Winter losses of honey bee colonies and renewal of livestock in Austria and the Czech Republic
1 Institute of Zoology, University of Graz. Universitätsplatz 2, 8010 Graz, Austria.
2 Czech Beekeepers Association, Staroměstská 2362/A, 370 04 České Budějovice, Czech Republic.
3 Department of Protein Biochemistry and Proteomics, Centre of the Region Haná for Biotechnological and Agricultural Research, Faculty of Science, Palacký University, Šlechtitelů 27, 783 71 Olomouc, Czech Republic.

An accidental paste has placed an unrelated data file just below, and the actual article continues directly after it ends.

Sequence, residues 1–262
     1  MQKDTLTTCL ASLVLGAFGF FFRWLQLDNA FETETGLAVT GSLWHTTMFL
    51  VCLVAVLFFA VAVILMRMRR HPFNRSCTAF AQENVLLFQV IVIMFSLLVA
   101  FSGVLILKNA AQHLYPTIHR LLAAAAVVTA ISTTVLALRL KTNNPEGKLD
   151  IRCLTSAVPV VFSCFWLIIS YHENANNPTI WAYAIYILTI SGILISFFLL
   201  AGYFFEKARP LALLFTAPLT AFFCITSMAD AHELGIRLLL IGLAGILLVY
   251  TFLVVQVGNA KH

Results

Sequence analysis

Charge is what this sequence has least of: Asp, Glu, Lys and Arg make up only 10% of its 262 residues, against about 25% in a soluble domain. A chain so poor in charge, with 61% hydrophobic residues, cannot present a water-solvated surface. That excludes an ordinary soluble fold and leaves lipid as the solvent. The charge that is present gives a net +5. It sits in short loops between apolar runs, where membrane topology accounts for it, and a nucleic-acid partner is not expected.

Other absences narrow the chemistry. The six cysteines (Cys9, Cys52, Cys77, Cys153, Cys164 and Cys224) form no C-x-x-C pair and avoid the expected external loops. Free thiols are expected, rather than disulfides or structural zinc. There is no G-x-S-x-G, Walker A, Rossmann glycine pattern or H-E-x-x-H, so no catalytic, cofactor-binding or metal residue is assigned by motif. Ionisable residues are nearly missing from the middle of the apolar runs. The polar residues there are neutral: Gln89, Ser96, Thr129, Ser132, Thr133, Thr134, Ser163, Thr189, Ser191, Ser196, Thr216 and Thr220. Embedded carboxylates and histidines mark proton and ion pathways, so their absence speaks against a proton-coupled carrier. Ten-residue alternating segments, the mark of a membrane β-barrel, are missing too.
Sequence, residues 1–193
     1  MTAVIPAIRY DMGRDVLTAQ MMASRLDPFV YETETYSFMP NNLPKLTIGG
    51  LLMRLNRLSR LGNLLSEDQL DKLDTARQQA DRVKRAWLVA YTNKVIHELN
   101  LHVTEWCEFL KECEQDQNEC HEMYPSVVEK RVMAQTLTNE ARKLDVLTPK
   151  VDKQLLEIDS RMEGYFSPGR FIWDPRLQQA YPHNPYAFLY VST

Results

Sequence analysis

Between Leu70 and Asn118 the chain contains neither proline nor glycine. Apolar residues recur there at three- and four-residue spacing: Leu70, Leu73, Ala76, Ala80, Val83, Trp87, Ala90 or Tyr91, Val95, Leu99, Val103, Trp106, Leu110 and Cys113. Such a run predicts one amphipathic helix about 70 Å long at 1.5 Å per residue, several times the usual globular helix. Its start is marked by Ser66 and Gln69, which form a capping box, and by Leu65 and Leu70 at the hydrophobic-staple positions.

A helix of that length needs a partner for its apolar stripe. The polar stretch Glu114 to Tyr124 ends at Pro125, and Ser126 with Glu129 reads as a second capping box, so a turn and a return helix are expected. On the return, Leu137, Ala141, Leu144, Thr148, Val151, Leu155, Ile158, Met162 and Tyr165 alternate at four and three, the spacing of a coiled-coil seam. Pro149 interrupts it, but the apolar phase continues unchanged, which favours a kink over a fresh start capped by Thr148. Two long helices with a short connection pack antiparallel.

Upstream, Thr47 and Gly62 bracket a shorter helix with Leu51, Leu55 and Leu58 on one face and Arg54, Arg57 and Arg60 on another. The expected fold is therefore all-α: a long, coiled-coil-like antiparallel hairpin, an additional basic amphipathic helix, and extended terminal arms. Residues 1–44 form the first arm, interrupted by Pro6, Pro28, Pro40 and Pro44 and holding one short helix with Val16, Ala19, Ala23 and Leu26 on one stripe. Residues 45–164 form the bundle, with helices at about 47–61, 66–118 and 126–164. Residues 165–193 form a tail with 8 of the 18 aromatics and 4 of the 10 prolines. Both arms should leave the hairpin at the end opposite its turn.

In Austria we have established the monitoring of honey bee colony losses during winter. Since the winter of 2007/2008 we have collected information from more than 6600 beekeeping operations regarding more than 150000 wintered colonies. Data is collected online, per mail and the survey is advertised in a beekeeping journal and at several beekeeper meetings. In particular, we maintain a website dedicated to this: www.Bienenstand.at. There is an online database, where everyone can analyze the results of past investigations. In the Czech Republic, winter losses of honey bee colonies were investigated for the second time this year. The response rate increased from 556 in the first year to 977 in the second year. In both countries, winter loss rate was much higher compared to 2013/14. In Austria, loss rate was 28.4% (95% confidence interval: 27.1-30.0) based on 1259 beekeeping operations wintering 22882 colonies. In the Czech Republic, it was 19.4% (95% CI: 17.9-21.0) based on 977 beekeeping operations wintering 19844 colonies. In both countries, queen problems were included in mortality figures. We found differences in losses between regions in both countries, ranging from 22 to 52 % in Austria, and from 11 to 32 % in the Czech Republic, respectively. In 2014, following a winter with comparably low losses in both countries, we made a follow up study to investigate renewal of livestock. We found that the number of beekeepers that breed queens or do not is quite similar between the two countries. In both countries, new honey bee livestock is rather home-grown than purchased. The main reasons for production or purchase of queens or nuclei are replacement of queens or extending the operation. However, the latter might change after a winter with high losses, were renewal of livestock is needed to compensate winter losses. We will further investigate the interplay of colony losses during winter and livestock production during summer.